Not All Cancer Is Pink
I'm sure you'll agree with me that cancer is a scary word. It's a diagnosis that no one wants to hear, like EVER. And while we often think of cancer as one disease, there are actually many different types of cancer.
While out on the town, I came across an officer who was wearing a pink badge to bring awareness, because everyone knows to wear pink in October, right? When I mentioned, "Make sure you get a teal badge for gynecologic cancers," he looked totally confused. After a quick discussion about the gynecologic cancers, he said he thought pink represented all cancers. This might be the same for you, too. This is why we at Serenity, Courage & Wisdom (SC+W) are passionate about sharing with the community all about gynecologic cancers, and that not all cancers are pink.
Each type of cancer has its own unique set of symptoms, treatment options, and prognosis. One of the most well-known cancers is breast cancer. Breast cancer awareness is represented by the color pink and is nationally recognized in the month of October. And while pink is a beautiful color, it's important to remember that not all cancers are pink.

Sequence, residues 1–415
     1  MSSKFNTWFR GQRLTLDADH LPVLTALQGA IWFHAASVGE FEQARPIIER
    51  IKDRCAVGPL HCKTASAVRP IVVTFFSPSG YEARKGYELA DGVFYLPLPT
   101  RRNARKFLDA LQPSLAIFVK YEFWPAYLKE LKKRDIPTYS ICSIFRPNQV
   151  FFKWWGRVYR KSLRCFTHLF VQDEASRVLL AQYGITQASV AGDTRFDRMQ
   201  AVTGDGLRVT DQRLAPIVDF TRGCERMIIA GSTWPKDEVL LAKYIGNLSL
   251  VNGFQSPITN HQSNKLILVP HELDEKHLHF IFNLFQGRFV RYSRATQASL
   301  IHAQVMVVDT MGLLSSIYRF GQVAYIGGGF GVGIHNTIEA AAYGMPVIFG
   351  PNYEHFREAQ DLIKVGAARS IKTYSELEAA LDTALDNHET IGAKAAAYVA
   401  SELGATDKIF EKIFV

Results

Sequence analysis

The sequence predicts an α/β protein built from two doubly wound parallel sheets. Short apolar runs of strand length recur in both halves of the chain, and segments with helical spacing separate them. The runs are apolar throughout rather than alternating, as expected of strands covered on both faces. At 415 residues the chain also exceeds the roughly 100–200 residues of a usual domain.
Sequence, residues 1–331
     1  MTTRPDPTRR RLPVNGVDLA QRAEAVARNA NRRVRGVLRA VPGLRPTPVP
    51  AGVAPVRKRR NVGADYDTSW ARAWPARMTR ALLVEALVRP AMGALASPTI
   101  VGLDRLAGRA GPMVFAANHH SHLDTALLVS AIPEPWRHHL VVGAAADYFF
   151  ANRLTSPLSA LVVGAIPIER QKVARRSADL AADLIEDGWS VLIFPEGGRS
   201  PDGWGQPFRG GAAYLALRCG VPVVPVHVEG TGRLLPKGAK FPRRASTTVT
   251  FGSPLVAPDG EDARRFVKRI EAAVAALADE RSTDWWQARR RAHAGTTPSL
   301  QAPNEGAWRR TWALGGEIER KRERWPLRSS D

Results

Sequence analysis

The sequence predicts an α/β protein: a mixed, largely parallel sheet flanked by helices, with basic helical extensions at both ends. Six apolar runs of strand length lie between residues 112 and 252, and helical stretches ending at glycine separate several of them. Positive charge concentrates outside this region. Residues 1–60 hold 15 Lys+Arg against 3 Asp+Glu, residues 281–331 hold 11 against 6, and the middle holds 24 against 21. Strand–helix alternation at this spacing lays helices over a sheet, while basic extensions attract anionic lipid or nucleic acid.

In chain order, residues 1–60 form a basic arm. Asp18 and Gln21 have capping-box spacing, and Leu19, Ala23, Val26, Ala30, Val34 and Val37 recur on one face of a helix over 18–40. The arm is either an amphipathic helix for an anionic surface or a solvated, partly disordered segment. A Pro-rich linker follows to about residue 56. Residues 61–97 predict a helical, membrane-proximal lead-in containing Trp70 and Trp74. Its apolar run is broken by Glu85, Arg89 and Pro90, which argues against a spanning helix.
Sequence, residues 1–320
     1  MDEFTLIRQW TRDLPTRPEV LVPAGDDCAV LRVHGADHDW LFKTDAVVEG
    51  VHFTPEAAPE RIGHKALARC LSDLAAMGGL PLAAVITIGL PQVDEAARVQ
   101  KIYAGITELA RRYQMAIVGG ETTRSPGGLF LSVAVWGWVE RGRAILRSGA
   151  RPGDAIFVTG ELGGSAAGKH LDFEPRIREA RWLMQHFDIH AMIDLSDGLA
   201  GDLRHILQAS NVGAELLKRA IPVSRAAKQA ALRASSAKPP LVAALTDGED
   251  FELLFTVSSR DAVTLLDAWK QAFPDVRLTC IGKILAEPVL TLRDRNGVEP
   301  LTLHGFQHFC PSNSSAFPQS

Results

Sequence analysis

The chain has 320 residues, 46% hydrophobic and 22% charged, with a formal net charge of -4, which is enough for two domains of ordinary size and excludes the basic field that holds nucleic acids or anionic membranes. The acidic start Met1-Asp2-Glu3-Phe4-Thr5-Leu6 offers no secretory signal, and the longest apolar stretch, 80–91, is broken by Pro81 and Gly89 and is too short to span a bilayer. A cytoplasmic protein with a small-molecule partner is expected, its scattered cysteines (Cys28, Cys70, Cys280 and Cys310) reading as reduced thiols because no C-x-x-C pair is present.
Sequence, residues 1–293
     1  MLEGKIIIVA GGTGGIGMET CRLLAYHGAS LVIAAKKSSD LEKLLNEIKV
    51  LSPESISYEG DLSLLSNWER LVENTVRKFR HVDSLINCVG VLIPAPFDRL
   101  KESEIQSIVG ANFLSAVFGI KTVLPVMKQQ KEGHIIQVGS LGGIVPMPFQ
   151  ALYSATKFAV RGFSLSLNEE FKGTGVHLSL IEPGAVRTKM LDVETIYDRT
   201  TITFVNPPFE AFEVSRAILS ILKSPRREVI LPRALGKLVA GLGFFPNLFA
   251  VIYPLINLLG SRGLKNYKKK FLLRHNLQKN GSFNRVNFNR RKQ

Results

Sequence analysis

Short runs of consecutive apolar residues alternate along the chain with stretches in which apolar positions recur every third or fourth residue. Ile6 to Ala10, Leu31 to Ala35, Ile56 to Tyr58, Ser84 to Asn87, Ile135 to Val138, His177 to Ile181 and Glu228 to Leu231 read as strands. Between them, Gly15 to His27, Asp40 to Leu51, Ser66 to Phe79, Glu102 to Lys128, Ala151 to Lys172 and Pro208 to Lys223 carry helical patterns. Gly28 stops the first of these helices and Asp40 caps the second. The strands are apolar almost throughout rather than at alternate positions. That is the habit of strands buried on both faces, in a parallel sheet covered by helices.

There are many different colors that represent different types of cancer. For example, teal and white is the color for cervical cancer, blue is the color for colon cancer, gold is the color for childhood cancer, and purple is the color for pancreatic cancer.
Why are colors used to represent different types of cancer? I'm glad you asked! Colors can be powerful symbols. They can be used to raise awareness and show support for a cause. They are great for grabbing attention, wouldn't you agree? And when it comes to cancer, colors can help to unify those who are fighting the disease.
A Message from SC+W:
To Survivors and Soldiers in the Fight:
We want you to remember that no matter what color represents your type of cancer, remember that you are not alone. We are here for you.
To the Community:
There are millions of people living with cancer in the United States. And while cancer is a leading cause of death in the US, there are also more than 16 million cancer survivors.
How Can You Help?
If you're a survivor, you can help to raise awareness about cancer by sharing your story. Friends, family and those who want to make a difference, you can also support those who are fighting cancer by making a donation to a cancer charity or by volunteering your time and/or talent. Organizations like SC+W can always use your help. Together, we will not only make a difference in the fight against cancer, we will show those in the fight that they matter.
Serenity, Courage & Wisdom: Supporting patients and families through cancer treatment and beyond. A strong voice and a force for good. Cancer patients need us and we're here for them!
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